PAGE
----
HomeCrimeJudge Pauline Newman still suspended from Federal Circuit

Judge Pauline Newman still suspended from Federal Circuit

U.S. Circuit Judge Pauline Newman, 96, was suspended from hearing cases after the Judicial Council of the Federal Circuit unanimously found that the judge’s refusal to submit to a mental examination was improper. Newman, a Ronald Reagan appointee, was, until the council’s order, the oldest federal judge still on the bench. (Screengrab via YouTube).

A 96-year-old federal appellate court judge whose co-workers say has been habitually confused and belligerent scored a partial win in court Monday against the panel of fellow judges she sued after being suspended. That suspension was upheld last Wednesday, and the judge is still not permitted to retake the bench.

Ronald Reagan appointee U.S. Circuit Judge Pauline Newman is the oldest judge on the federal judiciary. Newman served for nearly four decades on the U.S. Court of Appeals for the Federal Circuit until she was suspended in September by the Committee on Judicial Conduct and Disability for refusing to cooperate with an investigation into her mental capacity.

Newman’s mental health and fitness to serve was called into question after colleagues complained that her docket dragged woefully behind an appropriate timeline, and raised concerns about the judge’s inappropriate behavior. Ultimately, an investigation was conducted at the behest of the committee and investigators found “overwhelming evidence” of Newman’s memory loss, lack of comprehension, and confusion, and said the judge was often “frustrated, agitated, belligerent, and hostile towards court staff.” They provided numerous examples of Newman’s problematic behavior, ranging from threatening to have her own staff arrested to incoherent and paranoid rambling.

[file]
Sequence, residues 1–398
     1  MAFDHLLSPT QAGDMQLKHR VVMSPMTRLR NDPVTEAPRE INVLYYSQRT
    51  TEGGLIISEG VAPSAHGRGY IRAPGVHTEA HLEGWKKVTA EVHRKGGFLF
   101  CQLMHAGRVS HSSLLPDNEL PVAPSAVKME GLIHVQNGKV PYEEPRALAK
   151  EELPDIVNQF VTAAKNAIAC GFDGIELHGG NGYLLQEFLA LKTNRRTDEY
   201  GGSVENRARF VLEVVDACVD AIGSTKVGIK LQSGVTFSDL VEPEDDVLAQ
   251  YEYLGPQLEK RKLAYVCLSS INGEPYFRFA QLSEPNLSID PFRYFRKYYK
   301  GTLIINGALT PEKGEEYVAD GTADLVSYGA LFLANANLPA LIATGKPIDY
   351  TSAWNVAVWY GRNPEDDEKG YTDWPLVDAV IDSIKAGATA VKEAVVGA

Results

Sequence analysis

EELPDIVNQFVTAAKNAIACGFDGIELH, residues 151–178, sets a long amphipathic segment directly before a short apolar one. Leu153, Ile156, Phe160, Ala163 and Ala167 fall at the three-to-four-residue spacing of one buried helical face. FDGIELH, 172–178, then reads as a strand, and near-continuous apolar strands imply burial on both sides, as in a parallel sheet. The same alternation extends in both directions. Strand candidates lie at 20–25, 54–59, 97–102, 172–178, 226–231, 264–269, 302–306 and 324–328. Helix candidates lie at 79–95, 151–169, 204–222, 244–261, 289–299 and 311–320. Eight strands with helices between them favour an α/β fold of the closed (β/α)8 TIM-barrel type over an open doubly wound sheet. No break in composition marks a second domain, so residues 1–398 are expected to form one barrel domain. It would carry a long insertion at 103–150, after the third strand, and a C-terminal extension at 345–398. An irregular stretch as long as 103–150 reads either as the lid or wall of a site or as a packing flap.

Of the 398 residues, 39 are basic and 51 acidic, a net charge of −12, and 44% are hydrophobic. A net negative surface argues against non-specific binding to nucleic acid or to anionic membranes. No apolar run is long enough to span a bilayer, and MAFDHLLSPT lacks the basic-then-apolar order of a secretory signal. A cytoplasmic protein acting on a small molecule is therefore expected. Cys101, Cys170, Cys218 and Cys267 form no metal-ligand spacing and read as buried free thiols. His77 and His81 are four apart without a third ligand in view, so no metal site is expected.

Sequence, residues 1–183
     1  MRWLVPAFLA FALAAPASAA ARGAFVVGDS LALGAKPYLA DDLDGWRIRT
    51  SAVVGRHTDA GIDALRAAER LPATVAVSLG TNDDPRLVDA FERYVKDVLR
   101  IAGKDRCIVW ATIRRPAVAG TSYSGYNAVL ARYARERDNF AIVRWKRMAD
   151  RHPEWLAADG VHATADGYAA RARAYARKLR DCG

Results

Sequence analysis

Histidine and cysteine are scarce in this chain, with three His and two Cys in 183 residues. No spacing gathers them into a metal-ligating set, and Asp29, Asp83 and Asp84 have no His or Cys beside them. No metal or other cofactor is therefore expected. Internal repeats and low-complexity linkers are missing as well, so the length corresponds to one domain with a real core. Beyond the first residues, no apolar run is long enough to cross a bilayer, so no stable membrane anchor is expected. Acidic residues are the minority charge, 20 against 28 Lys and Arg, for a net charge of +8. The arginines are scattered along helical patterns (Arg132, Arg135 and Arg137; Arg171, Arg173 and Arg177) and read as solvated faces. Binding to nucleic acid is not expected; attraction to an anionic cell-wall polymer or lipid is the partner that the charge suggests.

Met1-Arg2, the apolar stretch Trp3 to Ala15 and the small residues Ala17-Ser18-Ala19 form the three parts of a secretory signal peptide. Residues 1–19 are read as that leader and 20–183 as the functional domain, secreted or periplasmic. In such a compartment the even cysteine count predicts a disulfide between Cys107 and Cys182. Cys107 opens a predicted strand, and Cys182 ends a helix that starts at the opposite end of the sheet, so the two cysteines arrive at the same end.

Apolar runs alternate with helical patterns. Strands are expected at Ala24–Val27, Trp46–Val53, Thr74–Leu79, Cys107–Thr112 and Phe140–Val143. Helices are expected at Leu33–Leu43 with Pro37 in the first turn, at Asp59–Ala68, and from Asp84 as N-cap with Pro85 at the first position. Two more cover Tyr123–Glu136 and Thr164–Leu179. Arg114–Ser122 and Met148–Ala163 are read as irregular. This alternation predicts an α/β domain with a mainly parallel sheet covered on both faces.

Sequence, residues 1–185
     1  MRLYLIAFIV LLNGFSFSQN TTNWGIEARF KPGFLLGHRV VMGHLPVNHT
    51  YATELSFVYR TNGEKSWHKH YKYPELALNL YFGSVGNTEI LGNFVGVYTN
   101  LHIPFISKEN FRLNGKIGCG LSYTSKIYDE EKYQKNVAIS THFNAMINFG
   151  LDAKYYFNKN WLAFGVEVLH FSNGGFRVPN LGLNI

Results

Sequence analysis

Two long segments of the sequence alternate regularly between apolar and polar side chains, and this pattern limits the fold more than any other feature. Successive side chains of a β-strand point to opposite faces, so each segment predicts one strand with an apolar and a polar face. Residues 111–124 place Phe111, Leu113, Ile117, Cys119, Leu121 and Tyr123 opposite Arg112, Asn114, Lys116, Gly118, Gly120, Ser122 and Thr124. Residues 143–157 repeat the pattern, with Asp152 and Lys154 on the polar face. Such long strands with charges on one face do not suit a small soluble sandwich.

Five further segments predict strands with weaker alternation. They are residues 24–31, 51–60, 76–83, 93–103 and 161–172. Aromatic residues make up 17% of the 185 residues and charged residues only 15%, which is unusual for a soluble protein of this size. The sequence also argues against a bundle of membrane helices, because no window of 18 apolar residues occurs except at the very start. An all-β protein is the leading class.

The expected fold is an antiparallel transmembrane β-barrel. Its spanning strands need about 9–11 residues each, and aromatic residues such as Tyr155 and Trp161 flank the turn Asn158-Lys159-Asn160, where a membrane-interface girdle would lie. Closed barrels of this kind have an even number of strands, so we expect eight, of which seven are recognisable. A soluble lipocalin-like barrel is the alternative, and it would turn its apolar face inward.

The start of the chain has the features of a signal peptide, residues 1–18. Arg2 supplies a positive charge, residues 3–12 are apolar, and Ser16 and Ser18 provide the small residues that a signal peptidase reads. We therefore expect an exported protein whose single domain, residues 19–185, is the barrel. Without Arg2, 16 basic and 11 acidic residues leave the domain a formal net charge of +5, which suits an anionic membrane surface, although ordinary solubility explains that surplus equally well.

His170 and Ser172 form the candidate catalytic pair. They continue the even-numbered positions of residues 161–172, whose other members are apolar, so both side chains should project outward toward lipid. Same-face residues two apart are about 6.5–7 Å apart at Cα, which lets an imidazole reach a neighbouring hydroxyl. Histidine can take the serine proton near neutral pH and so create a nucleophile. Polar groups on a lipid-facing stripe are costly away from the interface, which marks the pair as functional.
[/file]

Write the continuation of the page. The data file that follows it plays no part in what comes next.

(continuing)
Last September, the committee issued a lengthy written decision in which is said that although Newman “served with distinction” and was “the most beloved colleague on our court,” that it had “increasing doubts” as to whether the nonagenarian could properly fulfill her duties on the bench.

The committee directed Newman to undergo a 30-45-minute interview with a neurologist and a full neuropsychological examination with hours of cognitive testing, but the judge refused. Newman also refused to provide the committee with medical records from the prior two years dealing with cognitive deficiencies and fatigue. Instead, Newman offered her own medical experts, who she said would examine her for a much shorter period of time. The committee responded with a suspension.

After Newman was informed that she would no longer be assigned new cases over which to preside, lawyers filed a federal lawsuit on her behalf in which Newman sued Chief Circuit Judge Kimberly A. Moore and all the other Federal Circuit judges on the committee over their handling of the complaints about Newman’s mental capacity. In the lawsuit, Newman challenged not only the actions taken against her, but also the legal provisions that allowed the judicial committee to issue the suspension order.

Newman was represented in the lawsuit by New Civil Liberties Alliance (NCLA), a public-interest law firm that focuses on the “administrative state.” The same firm also represented Newman in a direct challenge of the committee’s ruling on her suspension, which is proceeding separately.

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